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Lens Story: 8 of 28
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·Gravure 1 Front
·Gravure 1 Back
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·Back Cover
Great mirror used in Canadian reflector
Victoria, B.C.
Produced by the John A. Brashear Company, Pittsburgh
40-inch Yerkes refractor built in 1897 and still unsurpassed.
Making a Great Lens
    The making of a great lens presents a task of unparalleled difficulty. It requires the highest skill and the utmost patience. From the selection of the raw materials for the melt to the removal of the last blemish from the surface of the lens and the final test of its optical qualities, it is a work of extreme scientific precision and accuracy.
    The big crucible in which the glass is melted has been made of the purest clays and by specially trained craftsmen. Previously to receiving the "batch" materials it is heated very gradually for a week to a high temperature. The melting and stirring, under perfect temperature and physical control, proceed for days. Then, when the master workman knows that the glass is ready, the crucible is lifted from the furnace and its molten contents of dazzling brilliancy are poured into an iron mould lined with sand. The mould is covered with an iron plate and lifted into an annealing furnace. There is remains for nearly a month, very gradually cooling from its high initial temperature down to ordinary temperature. And right here is one of the critical stages of the process, for if the annealing is not properly done, the glass will be subject to strains and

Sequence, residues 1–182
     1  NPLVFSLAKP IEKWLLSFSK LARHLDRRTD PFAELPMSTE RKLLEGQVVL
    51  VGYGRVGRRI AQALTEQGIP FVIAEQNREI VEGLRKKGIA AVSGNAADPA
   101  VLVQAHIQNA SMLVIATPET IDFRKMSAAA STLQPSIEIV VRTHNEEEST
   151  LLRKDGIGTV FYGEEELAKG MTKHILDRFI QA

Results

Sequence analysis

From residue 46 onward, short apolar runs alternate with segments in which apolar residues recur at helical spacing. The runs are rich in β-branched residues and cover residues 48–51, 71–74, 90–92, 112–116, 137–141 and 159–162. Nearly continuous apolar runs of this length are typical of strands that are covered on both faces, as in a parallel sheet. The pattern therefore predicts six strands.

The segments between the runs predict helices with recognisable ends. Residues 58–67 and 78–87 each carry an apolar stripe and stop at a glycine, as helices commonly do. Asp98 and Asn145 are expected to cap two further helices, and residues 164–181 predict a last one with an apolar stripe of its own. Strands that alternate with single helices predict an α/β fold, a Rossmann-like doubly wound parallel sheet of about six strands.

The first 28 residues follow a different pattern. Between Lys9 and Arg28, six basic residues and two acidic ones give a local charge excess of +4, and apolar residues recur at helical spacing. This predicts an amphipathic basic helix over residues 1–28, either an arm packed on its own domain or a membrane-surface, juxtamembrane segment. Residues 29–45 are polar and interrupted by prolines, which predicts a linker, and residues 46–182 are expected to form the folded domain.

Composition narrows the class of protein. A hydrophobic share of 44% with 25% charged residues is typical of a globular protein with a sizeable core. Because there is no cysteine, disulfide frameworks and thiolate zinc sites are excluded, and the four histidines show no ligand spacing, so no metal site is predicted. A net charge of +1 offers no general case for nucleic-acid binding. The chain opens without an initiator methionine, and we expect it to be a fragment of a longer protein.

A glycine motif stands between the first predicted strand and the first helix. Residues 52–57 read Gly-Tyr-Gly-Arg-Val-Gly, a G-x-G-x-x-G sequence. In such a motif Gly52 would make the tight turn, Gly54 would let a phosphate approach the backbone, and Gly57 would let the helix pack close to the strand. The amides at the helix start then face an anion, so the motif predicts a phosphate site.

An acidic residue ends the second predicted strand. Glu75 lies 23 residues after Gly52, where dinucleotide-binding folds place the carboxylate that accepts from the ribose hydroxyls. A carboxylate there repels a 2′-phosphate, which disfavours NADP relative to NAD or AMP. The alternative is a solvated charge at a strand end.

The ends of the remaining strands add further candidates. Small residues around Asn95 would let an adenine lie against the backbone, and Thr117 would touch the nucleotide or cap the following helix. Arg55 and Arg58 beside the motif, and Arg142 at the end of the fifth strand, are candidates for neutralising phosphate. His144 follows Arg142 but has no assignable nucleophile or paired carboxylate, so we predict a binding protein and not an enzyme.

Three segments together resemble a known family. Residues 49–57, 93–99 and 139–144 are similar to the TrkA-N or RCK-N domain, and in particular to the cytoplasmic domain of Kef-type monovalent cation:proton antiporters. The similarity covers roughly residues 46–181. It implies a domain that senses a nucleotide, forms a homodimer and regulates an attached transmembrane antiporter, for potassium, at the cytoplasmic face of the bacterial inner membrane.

Bending of a ray of light in passing through a triangular glass prism
inequalities that render it useless for optical purposes. When cold the glass passes through its first grinding and polishing stage, preliminary to the very careful examination for imperfections.
    Even this preliminary grinding requires several weeks. For the inspection of the glass the camera, the microscope and an instrument called the polariscope are used. With the camera a perfect piece of glass yields a pure white picture, whereas strains in the glass will produce dark colored spots at those points. When viewed with the polariscope the glass must be perfectly bright and free from irregularities and figures. Some bubbles may pass, but veins, indicating incomplete fusion of the ingredients, strains and spots of unequal density are not permissible. If these defects are found the glass must be returned to the furnace and the process repeated. And this frequently must be done many times. The big 36-inch refractor for the Lick Observatory was poured twenty times at the Paris glass works, with one month consumed for annealing after each pouring.
    When a piece of glass has passed this very rigid examination it is ready for the skilled lens grinder, who polishes its sides with the utmost care and in accordance with the curvatures calculated by the mathematician. The man who first applied pure mathematics to the calculation of the correct curvatures of lenses, both for